The abiding relevance of integral humanism
“All ideologies are idiotic, whether religious or political, for, it is conceptual thinking, the conceptual world, which has so unfortunately divided man”, renowned philosopher Master Jiddu Krishnamurti once lamented.
Europe was the mother of ideologies – from the capitalism of Adam Smith to the social conservatism of Thomas Hobbes and John Locke to the liberalism of John Stuart Mill to the communism of Karl Marx. All these ideologies have created schisms and confusion across the world, forcing American historian and social thinker Morris Berman to warn, “An idea is something you have. An ideology is something that has you.”
India has historically been the land of ideas. From the Vedic rishis through Mahavira, Buddha, Shankara, Aurobindo, and Vivekananda, the great men of India have generally been philosophers, articulating profound ideas for human welfare. India has not produced any ideologues such as Marx or Mill. Yet, the deeply philosophical ideas of its sages and savants have continuously inspired and influenced mankind across history and geography.
In the realm of socio-political ideas, there was only one original contribution made by India in the last century. That was Mahatma Gandhi’s non-violence and truthful resistance – famously known as ahimsa and satyagraha. Gandhi’s ideals inspired freedom-seeking peoples all over the world. Ahimsa entered the socio-political lexicon of the world for good.
But there was another originally Indian idea propounded in the middle of the last century, which was Deen Dayal Upadhyay’s integral humanist philosophy.
Philosophical doctrines are not easy to comprehend. Karl Marx and Frederic Engels propounded their communist ideology through Das Kapital in 1867. Marx continued his efforts at elaborating on it for more than a decade-and-a-half until his death in 1883. Yet, it took five decades for communism to find political expression in 1917 in Russia.
In the case of integral humanist philosophy of Deen Dayal Upadhyay, the effort needed to take forward the precis and develop it into a complete political philosophy was not made by his followers after his untimely passing in 1968. It looked complicated, and hence vague and fanciful theories such as Gandhian socialism preoccupied them for some years before they finally settled on a relatively easier formulation of cultural nationalism.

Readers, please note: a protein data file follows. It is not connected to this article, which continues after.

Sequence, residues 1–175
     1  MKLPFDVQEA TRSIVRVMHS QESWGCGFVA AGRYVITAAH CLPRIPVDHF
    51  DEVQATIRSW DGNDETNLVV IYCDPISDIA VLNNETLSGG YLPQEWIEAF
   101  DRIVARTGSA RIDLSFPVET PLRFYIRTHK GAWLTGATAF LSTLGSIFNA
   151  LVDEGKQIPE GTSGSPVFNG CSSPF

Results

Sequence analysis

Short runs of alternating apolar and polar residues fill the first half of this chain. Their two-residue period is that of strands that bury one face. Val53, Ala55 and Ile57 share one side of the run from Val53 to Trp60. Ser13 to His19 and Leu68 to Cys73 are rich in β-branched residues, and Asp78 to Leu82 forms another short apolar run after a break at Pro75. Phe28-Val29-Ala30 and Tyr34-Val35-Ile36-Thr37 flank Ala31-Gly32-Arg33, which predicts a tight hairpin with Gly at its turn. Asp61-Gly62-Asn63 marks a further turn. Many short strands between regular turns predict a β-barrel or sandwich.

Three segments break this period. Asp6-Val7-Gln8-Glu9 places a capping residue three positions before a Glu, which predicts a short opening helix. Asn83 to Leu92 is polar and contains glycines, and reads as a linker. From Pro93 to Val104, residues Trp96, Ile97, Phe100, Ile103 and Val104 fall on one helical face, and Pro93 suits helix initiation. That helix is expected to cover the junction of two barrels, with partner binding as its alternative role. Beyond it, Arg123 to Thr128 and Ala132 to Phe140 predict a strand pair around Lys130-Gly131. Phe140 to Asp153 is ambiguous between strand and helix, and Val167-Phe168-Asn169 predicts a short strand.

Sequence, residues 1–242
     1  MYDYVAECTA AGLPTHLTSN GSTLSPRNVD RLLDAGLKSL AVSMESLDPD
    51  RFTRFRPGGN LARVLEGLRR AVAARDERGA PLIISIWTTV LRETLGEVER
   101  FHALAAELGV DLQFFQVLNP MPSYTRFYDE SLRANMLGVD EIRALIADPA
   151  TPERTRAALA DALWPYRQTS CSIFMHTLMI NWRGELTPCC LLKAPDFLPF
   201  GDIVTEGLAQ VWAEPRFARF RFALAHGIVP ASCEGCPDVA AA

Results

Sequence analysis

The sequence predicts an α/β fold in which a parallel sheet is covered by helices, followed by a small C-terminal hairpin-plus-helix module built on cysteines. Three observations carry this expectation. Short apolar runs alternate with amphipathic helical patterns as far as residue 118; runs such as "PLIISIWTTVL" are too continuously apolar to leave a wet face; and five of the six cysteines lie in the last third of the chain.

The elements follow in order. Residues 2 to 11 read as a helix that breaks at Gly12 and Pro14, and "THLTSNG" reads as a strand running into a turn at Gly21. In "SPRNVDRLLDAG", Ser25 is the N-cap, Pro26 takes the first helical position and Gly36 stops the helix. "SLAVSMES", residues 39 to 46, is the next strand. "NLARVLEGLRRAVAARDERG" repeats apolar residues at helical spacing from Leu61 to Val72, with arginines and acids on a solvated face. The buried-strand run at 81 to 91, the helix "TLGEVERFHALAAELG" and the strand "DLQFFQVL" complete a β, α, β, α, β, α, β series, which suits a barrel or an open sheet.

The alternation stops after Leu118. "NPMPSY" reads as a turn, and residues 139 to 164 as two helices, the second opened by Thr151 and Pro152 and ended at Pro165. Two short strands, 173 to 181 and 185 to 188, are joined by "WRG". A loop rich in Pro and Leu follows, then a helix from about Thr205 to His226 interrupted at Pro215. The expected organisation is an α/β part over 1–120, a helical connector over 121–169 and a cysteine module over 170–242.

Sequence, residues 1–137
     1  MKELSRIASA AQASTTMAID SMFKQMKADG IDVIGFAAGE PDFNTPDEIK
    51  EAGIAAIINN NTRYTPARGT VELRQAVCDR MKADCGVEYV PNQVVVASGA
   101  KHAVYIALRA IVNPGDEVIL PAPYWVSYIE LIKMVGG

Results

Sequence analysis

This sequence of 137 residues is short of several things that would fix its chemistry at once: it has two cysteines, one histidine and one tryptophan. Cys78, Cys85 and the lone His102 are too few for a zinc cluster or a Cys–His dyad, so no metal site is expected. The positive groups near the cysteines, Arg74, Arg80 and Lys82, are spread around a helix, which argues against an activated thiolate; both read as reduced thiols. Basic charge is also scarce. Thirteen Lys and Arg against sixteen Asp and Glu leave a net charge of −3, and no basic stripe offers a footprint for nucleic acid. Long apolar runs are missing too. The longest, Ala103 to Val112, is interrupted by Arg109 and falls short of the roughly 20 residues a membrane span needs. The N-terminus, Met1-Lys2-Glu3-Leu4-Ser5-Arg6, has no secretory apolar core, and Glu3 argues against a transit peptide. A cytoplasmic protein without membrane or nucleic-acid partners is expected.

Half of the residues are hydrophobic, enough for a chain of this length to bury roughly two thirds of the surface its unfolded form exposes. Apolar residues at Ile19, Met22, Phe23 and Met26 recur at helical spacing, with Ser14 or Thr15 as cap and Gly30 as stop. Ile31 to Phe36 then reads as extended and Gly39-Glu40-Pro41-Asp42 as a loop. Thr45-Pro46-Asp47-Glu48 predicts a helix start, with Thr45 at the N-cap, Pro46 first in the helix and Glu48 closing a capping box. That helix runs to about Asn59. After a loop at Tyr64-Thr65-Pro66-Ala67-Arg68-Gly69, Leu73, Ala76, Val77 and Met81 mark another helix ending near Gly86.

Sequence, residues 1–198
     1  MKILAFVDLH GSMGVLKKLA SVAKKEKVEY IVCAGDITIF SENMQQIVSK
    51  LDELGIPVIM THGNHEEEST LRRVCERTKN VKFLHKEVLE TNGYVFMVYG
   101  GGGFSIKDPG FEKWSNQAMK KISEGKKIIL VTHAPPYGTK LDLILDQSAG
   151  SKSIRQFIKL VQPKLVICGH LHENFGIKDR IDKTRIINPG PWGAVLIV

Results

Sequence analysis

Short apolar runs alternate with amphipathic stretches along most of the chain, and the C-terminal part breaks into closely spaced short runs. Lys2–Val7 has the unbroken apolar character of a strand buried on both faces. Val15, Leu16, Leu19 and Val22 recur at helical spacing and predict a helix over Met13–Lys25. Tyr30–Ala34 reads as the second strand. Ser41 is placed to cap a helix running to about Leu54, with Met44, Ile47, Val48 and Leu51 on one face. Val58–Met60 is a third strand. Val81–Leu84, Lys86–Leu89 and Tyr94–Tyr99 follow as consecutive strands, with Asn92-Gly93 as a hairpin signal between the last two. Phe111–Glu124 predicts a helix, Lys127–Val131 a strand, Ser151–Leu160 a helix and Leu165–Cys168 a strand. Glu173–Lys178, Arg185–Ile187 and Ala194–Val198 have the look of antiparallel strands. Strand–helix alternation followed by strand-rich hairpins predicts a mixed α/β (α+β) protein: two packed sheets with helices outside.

The world passes through various phases of transition from time to time. Nations get an opportunity to play a role in that transition. One such opportunity came after World War II in the last century when a new world order began to take shape. It was shaped largely by European and Western thought, although Gandhi too made a significant contribution. That world order has served mankind for over seven decades. But a new world order is taking shape today, in the aftermath of the Covid pandemic.
In that post-Covid world order, India has an opportunity to play a bigger role in the domain of ideas. Deen Dayal Upadhyay’s integral humanist philosophy can act as the sheet anchor for that. But the problem is two-fold.
One, wider Indian scholarship since Independence has been so deeply influenced by the Western paradigm that many cannot even think that India can offer an alternative worldview at this transitional juncture.
Two, in the liberal view, Deen Dayal Upadhyay represented India’s Right, conservative Hindutva movement. Globally a dominant force in the intellectual world, liberals abhor conservatism. They branded Hindutva as retrograde and unintellectual hocus-pocus and even attempted “dismantling” it recently.
Deen Dayal Upadhyay, thus, needs to be rescued from apathy on one side and antipathy on the other. His views regarding nation-building, national identity, social institutions such as caste and political institutions such as democracy remain as relevant today as they were six decades ago. They should be revisited from the prism of the contemporary Euro-centric ideas. Such an effort should not end up as Euro-scepticism but help throw light on the contemporary relevance of ideas that are rooted in Indian wisdom and milieu.
For example, contrary to the propaganda about Hindutva’s fascist credentials, Deen Dayal Upadhyay had zealously upheld democracy as the best available form of governance. But he added an Indian dimension to it by saying, “A democratic government, ‘Jana Rajya’, must also be rooted in Dharma, i.e., a ‘Dharma Rajya’. In the definition of democracy – of the people, by the people and for the people – ‘of’ stands for independence, ‘by’ stands for democracy and ‘for’ indicates Dharma. The true democracy is one where there is freedom as well as Dharma.”
“The philosophers have only interpreted the world in various ways. The point, however, is to change it”. These words were inscribed on Karl Marx’s tombstone. All interpretations of philosophers from the time of Plato were about making a “new man” — a “moral man”. Speaking at the United Nations General Assembly in 1950, United States President Harry Truman had said: “The United Nations represents the idea of a universal morality, superior to the interests of individual nations. Its foundation does not rest upon power or privilege; it rests upon faith. They rest upon the faith of men in human values — upon the belief that men in every land hold the same high ideals and strive toward the same goals for peace and justice”.
Those words sound hollow and hubristic today. But Deen Dayal Upadhyay’s integral humanist vision offers some hope.
Ram Madhav is a member of the national executive member of RSS and the board of governors of India Foundation. The article draws from his just-released book, The Hindutva Paradigm: Integral Humanism And the Quest for a Non-Western Worldview
The views expressed are personal